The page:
Flashback : Dallas

A Miscellany: History, Ads, Pop Culture

“Throw Me a Pink Thing, Mister!” — 1967

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mardi-gras_1967_doubloon-b1967 Mardi Gras doubloon (click for larger images)

by Paula Bosse

“THROW ME SOMETHING, MISTER.”

Pictures of these are all over the internet, but I found only ONE reference explaining why “Six Flags Over Texas” was on a Krewe of Freret Mardi Gras doubloon — and it was in this Jan. 31, 1967 AP article from the Monroe (Louisiana) News Star (transcription below):

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NEW ORLEANS (AP)-King Freret XII abdicated today after a successful one night reign wildly cheered by his loyal carnival subjects. Pegasus, the winged horse, will rule tonight, rolling through the crowded streets in the second night parade of the season. The torch-lit procession of the Krewe of Freret, with 14 floats and 37 marching units stretching for 28 blocks, was inspired by the “Six Flags Over Texas” amusement park. Mild temperatures — the readings were in the high 50s as the parade wound through downtown New Orleans — brought thousands of residents and visitors to clamor for trinkets tossed from the glittering floats. When the parade reached the reviewing stand at Gallier Hall, the old city hall on St. Charles Avenue, Mayor Victor Schiro welcomed King Freret, Charles L. Villemeur Jr., and wished him a successful reign. Villemeur’s daughter, Miss Kay Ann Villemeur, who ruled as queen, stood beside Schiro. Both then joined in toasting the king. Carnival will reach its climax one week from today with Mardi Gras, preceding the 40 solemn days of Lent.

I wonder if there actually IS any connection to the amusement park? It might just be a friendly nod to neighboring Texas and not to the Arlington park we all know and love. But who am I to doubt the fine folks at the Biloxi Daily Herald?

Laissez les bons temps rouler!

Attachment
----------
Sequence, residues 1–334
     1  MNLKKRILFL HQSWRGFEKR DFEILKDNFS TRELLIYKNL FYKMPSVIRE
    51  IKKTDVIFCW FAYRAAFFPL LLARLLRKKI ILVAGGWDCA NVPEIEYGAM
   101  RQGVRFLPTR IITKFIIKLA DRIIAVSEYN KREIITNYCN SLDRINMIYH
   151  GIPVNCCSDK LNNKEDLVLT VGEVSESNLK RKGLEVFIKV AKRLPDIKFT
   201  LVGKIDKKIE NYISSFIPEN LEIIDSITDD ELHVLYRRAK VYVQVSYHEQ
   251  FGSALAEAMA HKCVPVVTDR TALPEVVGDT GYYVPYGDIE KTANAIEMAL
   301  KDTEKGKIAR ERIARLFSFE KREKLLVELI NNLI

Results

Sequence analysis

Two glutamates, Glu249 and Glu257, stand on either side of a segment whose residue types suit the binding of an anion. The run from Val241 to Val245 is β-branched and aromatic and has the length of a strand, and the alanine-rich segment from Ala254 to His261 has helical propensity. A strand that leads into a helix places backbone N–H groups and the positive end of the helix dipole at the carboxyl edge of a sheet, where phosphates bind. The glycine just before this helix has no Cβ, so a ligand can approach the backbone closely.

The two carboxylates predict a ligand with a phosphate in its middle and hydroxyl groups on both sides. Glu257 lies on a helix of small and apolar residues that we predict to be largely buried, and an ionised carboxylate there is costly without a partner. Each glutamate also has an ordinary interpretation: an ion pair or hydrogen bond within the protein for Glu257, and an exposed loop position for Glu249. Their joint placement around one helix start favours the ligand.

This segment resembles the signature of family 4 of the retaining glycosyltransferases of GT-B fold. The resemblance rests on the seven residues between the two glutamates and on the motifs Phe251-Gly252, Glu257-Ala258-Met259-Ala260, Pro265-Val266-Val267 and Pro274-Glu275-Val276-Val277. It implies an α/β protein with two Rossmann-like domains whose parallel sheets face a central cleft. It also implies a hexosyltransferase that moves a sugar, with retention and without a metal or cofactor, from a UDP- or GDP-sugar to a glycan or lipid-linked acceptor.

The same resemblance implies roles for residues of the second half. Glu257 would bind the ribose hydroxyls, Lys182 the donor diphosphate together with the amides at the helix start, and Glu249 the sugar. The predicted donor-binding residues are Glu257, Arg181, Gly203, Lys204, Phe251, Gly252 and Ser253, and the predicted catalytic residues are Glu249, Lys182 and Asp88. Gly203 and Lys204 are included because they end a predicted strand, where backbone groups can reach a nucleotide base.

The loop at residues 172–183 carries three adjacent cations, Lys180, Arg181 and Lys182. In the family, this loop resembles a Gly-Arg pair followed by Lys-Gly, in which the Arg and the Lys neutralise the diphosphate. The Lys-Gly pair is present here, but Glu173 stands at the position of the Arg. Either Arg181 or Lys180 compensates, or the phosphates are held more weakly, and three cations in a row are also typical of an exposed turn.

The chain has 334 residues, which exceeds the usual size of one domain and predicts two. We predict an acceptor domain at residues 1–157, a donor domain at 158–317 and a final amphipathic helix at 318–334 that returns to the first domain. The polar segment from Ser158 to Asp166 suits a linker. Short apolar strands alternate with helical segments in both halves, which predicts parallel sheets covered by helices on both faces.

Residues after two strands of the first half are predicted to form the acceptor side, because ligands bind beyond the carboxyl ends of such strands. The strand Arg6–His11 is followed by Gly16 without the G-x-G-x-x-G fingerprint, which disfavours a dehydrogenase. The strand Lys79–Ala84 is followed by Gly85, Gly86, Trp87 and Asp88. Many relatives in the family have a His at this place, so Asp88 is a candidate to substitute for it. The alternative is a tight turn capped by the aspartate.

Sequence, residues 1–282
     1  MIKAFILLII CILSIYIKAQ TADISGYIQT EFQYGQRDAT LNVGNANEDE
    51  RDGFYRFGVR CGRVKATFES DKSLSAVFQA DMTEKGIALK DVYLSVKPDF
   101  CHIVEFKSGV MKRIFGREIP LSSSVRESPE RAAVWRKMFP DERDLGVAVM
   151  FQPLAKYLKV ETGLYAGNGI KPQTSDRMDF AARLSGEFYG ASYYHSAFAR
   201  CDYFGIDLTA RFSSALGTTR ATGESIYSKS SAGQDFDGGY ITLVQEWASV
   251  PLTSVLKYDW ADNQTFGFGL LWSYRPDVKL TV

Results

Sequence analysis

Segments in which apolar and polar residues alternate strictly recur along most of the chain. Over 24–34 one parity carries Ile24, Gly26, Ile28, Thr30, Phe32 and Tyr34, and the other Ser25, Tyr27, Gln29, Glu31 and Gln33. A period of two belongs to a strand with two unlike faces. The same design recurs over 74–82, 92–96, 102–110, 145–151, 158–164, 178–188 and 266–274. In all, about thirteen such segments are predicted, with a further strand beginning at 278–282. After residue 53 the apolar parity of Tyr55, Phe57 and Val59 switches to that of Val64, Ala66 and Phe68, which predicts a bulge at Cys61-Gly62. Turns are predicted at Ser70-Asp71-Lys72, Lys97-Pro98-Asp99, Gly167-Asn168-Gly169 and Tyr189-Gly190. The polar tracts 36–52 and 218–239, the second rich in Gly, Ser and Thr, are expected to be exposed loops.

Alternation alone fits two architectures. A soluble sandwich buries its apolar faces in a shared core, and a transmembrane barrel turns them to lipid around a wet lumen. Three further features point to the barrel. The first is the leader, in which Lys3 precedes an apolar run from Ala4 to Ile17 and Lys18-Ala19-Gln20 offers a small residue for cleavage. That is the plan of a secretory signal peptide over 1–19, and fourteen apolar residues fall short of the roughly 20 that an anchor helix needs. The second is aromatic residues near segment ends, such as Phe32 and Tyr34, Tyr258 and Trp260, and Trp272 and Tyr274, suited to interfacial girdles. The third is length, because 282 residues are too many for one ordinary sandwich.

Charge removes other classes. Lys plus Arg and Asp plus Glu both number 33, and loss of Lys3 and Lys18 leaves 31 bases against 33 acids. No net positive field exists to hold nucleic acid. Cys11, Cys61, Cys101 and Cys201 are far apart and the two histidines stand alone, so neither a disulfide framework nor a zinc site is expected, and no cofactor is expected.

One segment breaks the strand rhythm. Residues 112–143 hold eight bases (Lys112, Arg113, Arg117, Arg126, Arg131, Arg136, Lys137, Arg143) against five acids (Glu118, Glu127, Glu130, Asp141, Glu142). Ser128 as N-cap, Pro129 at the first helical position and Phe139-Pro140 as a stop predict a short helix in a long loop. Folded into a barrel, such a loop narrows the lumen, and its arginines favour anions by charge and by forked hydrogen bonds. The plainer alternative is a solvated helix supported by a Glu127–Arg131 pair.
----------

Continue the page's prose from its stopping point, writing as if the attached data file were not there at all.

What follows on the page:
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Click the doubloons to get those suckers big. REAL big.

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Copyright © 2014 Paula Bosse. All Rights Reserved.

Mardi Gras Parade in Dallas — ca. 1876/1877

mardi-gras_c1870s_degolyerMain St. looking east from Austin (click for larger image)

by Paula Bosse

What was happening downtown on this day, about 140 years ago? Mardi Gras, Dallas-style! Let’s wander around this parade photo, taken by Alfred Freeman. (Click photos to see larger images.)

mardi-gras_c1870s-det1This kid has a great, unobstructed second-story view of the parade below.

mardi-gras_c1870s-det2No glitz, no beads, no flashing.

mardi-gras_c1870s-det5Every time I look at the original photograph, my eye always goes to this woman.

mardi-gras_c1870s-det3Okay, that kid’s view is nothing compared to these guys who’ve scaled the Dallas Herald building.

mardi-gras_c1870s-det4In information about the 1876 parade, the Feb. 24, 1876 edition of The Dallas Herald advised: “To prevent accidents, owners of buildings having varandas [sic] will permit no one to stand on them, unless the same have been sufficiently strengthened.” I don’t know … some of those “varandas” look pretty shaky.

And down Main Street they go.

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This is a stereograph photo by Alfred Freeman, from the Lawrence T. Jones III Texas Photographs Collection, DeGolyer Library, Central University Libraries, Southern Methodist University; it can be viewed here. (I have manipulated the color.) SMU has the photo as being “ca. 1870,” but the first Mardi Gras parade in Dallas wasn’t held until 1876. The view shows Main Street looking east, apparently taken from the roof of the Reed & Lathrop building on the northeast corner of Main and Austin.

UPDATE: This might be a photograph of the Mardi Gras celebration held in Dallas on February 24 (a Thursday…), in 1876. This was the first such celebration held in the city, and it was a massive undertaking, attracting more than 20,000 spectators. For weeks after the event, Alfred Freeman was advertising his Mardi Gras photographs with the following text: “Freeman, the artist, has nine different views of the Mardi Gras procession, for sale.”

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Read about the first Mardi Gras parade in Dallas in the Flashback Dallas post “Mardi Gras: ‘Our First Attempt at a Carnival Fete’ — 1897,” here.

Click pictures for larger images.

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Copyright © 2014 Paula Bosse. All Rights Reserved.

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